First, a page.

"I am 47 years old and I don't think I have ever thrown away a piece of my clothing in 25 years! I have wardrobes, closets and boxes full of clothes. I have been following your blog since you started last year and now want to develop my own 'look'. But I already have so many clothes I am not sure (even overwhelmed) as to where to start. Please help! Trevor."
I think from the many comments and emails I receive Trevor is not alone! For the next few posts I am going to set out the steps I have taken over the past year in my search for style, which you can then use as a template or model to follow and adapt as you need! Before I start I should point out I operate on a tight budget, re-cycling, re-using, repairing and tailoring wherever and whenever I can - this is not going to be a guide to big brand designers and high end tailoring - more a practical guide anyone can use. Being stylish does not have to be costly or difficult!
Step 1. Identify The Basics Before Your Purge
I initially decided my wardrobe of clothes should have a core of 'basics' - these become the foundation of your look. There is no sense in purging your clothes collection without knowing what to keep or throw away. Regular readers will know my research took me to the 1920s and 1930s as my inspirational period. I based my core basics on this period by looking at images, books, TV Shows, movies and finding pieces of clothing worn and styled consistently. Then, I set out to find contemporary and affordable versions of them.
The key to the core basics is function and adaptability. Here are the 14 core items I identified and therefore believe you need:
A blue suit - dark navy blue, two button, single breasted, the best you can afford. Avoid extremes of style (very narrow lapels, overly slim cut, big and baggy) - we want the suit to last. Accessories can be used to add individualism to the suit.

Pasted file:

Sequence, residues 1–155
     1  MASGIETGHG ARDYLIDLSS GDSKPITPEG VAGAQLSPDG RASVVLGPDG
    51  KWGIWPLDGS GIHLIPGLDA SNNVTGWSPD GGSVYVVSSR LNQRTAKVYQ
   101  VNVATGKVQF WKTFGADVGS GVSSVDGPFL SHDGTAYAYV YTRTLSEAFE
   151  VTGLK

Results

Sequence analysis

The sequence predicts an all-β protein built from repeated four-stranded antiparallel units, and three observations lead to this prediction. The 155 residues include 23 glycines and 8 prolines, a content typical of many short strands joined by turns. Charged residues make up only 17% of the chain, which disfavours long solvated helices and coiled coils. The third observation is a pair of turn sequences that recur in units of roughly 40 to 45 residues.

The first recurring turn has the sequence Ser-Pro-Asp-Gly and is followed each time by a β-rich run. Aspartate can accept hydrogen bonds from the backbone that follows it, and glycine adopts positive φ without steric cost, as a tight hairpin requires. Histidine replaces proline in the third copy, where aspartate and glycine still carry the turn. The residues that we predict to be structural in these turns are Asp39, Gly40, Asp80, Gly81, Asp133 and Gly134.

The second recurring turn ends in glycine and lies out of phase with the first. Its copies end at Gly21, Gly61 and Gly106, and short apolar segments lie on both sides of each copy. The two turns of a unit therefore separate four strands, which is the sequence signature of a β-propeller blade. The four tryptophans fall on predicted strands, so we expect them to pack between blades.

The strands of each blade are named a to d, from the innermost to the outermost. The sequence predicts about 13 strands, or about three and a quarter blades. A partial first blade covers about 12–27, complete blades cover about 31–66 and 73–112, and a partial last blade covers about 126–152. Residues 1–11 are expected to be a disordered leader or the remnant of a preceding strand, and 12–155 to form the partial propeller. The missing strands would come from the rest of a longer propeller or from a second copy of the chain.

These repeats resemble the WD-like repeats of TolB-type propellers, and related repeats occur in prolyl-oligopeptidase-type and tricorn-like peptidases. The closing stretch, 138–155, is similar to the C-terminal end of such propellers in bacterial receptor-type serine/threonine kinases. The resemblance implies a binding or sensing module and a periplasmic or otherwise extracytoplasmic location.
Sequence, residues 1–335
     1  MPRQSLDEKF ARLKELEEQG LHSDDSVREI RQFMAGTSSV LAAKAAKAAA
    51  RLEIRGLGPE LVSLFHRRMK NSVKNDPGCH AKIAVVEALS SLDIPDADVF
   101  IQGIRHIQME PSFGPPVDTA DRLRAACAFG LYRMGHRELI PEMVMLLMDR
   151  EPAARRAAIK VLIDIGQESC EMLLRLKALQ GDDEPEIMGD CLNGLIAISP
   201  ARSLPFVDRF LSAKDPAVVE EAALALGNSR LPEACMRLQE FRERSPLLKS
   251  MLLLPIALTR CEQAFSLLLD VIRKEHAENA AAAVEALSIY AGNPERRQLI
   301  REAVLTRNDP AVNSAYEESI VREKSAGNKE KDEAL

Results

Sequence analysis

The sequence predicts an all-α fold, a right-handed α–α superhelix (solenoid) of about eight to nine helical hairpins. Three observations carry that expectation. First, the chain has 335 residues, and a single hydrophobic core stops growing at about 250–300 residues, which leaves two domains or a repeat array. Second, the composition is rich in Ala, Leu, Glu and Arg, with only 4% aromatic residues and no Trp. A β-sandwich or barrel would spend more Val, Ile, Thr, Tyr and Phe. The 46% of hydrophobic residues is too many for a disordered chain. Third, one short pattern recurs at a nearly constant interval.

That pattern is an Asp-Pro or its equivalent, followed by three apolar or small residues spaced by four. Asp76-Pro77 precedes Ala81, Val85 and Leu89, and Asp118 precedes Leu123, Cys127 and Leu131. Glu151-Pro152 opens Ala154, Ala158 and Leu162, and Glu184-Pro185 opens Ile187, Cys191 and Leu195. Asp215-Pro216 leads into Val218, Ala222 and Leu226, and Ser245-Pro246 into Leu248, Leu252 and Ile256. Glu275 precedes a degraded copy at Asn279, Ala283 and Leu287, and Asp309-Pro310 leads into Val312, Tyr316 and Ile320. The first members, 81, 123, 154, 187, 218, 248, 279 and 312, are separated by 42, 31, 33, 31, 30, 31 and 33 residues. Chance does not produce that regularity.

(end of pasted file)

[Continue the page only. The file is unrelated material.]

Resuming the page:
Jeans - dark blue, slim cut, tailored to fit (especially the length), Levi 501 are perfect.
Oxford Shirt - blue is the classic colour, but other colours can be added.
T-Shirt - white or dark blue, plain, short sleeved - no logos, prints etc.
Tie - if you own just one it should be dark blue knitted silk.
Polo shirt - plain design, short sleeved, start with white, then dark blue.
Tweed Jacket - Harris tweed is the classic look.
Dress/Formal shirt - white, double/French cuff, cotton.
Chinos - tan or stone colour to start, but you can add colour later.
Cords - corn is the classic colour to start with, again add colour later.
Blue sweater - v-neck, cashmere. Cashmere, as a light fabric, can be worn most of the year.
Blazer - dark blue, gilt or metal buttons.
Wool trousers - dark or mid grey. These can be paired with a blazer, the blue sweater, Oxford shirt, even the Tweed jacket.
Quilted jacket - Husky or Barbour, green or dark blue. A great versatile coat you can use most of the year.
Armed with these essentials you can mix and match them, go anywhere in the world and appear well-dressed. Although these clothes may appear somewhat neutral (or blue!) in colour this is deliberate, because the careful use of accessories is where we can add splashes of colour and introduce some 'individual flair'.
Therefore, in the next post, we will look at the core accessories needed.